The Executive Committee of the General Conference just had another meeting at the World Headquarters in Silver Spring, Maryland. I must confess I did not monitor the motions, discussions, or votes closely, choosing instead to occasionally glance at my Twitter feed for the “hot takes” others had. A couple of years ago, our family moved to the beautiful Pacific Northwest region of the United States when my wife was hired to teach at a unique Adventist school. Initially there were no pastoral positions available for me in the area (which was fine), so I found a job at a nearby resort. However, six months into our new adventure, I was given the opportunity of pastoring a wonderful congregation part-time, while still working at the resort a couple of days a week. I know I live a charmed life, and even though there are challenges everywhere, I am thankful for the many opportunities I have to spend more time with family, enjoy the breathtaking natural beauty all around us, and get to know many amazing people, both in our local church, and the surrounding community.
Having spent some time on the Executive Committee of a large Conference in the North American Division, I do not envy the work our denominational administrators are assigned. In between the occasional lively exchanges which create rumblings well beyond the walls of the meeting room, there are hours spent listening to seemingly endless reports, which can bore to tears even a seasoned delegate. However cumbersome it may seem, our imperfect administrative structure has served us well in the past by facilitating extensive mission and tremendous growth. Lately, many dedicated members have been startled by what the General Conference has become. A policy-making machine, creating obstacles to mission rather than advancing a compelling Christ-centered vision everyone can rally behind. My purpose here is not to address any given policy or administrative matter. Others have articulated the many facets of every issue, and will continue to do so.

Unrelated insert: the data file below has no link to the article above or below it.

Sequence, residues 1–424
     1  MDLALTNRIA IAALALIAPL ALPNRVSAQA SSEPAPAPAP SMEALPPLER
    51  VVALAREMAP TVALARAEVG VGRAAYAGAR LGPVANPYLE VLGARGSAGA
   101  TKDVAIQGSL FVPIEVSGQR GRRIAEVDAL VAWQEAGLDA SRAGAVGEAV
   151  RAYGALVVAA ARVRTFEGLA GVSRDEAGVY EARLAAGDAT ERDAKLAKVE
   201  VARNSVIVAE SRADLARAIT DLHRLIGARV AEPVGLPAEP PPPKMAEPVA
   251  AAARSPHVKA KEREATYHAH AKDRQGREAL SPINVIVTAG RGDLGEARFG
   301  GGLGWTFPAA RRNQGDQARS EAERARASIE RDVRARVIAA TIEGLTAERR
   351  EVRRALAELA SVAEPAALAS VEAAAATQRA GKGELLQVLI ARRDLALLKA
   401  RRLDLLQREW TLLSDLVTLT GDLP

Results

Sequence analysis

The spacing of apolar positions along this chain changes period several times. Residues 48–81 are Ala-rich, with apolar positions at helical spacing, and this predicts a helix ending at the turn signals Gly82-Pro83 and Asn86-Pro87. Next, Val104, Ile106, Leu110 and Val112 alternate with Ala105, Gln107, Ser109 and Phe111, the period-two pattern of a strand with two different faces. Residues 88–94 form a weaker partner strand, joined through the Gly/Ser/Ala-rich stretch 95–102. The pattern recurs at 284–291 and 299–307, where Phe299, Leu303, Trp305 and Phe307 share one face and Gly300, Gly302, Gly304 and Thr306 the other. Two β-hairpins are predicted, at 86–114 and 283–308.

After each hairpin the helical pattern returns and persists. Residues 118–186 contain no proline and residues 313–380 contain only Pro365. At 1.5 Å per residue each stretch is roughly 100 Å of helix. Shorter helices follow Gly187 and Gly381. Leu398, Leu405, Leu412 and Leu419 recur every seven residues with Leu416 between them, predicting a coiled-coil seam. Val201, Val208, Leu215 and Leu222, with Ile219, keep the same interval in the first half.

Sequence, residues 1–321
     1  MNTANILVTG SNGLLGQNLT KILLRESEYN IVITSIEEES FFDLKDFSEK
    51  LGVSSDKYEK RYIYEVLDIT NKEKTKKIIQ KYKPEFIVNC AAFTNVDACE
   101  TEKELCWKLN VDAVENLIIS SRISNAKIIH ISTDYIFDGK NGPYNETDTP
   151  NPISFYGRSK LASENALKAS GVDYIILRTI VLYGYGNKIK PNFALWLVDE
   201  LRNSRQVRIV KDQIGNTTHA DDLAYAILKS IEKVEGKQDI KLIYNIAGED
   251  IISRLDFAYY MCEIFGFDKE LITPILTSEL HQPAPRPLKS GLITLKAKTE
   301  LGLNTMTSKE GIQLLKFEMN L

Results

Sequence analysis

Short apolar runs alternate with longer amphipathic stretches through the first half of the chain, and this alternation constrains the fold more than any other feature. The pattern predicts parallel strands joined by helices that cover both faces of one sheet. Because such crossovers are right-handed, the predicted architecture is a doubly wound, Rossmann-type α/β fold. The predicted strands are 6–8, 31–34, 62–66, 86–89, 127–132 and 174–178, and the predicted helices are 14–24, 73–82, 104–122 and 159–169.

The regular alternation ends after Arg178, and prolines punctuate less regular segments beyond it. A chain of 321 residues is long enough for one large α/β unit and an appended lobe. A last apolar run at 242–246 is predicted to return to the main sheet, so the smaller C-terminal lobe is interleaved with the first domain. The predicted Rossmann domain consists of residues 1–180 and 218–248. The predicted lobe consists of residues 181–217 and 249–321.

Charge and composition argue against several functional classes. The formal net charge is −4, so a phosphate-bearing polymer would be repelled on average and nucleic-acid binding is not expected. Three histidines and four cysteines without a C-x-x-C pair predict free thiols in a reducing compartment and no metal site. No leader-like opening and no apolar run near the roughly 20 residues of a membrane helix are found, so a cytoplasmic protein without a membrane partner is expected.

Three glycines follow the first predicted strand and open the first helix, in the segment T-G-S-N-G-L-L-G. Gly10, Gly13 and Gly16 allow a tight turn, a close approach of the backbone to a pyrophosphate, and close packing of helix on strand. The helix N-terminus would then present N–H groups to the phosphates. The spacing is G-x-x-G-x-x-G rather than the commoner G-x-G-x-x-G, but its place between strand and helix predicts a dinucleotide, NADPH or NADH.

This new denominational reality has caused conscientious individuals great consternation. The pressing question asked lately with more frequency is, “Can I maintain integrity as a member of an organization I believe is headed in the wrong direction?” The negative impact of the disunity created by the current General Conference Administration (by trying to enforce unity) is felt most keenly at local churches in areas of the world repulsed by authoritarianism. So, what is the value of church membership for those who are dismayed by the recent developments at the General Conference?
Firstly, leaving the Seventh-day Adventist Church will not impact the General Conference in any way. It is not a protest they will hear. In fact, there are General Conference leaders who precisely want those refusing to comply with certain policies to self-select out of membership, even viewing this as the “shaking” prophesied for the end of time.1 When it comes to purifying the church, I travelled to the General Conference a couple of years ago to personally meet with (and plead with) a General Conference official who had stated publicly he would actually prefer to burn the whole denomination to the ground and rebuild Seventh-day Adventism making it only available to those who agree with his views. So, there you have it. Any loss of sincere members protesting authoritarianism will not be felt at the General Conference, but only by their local churches.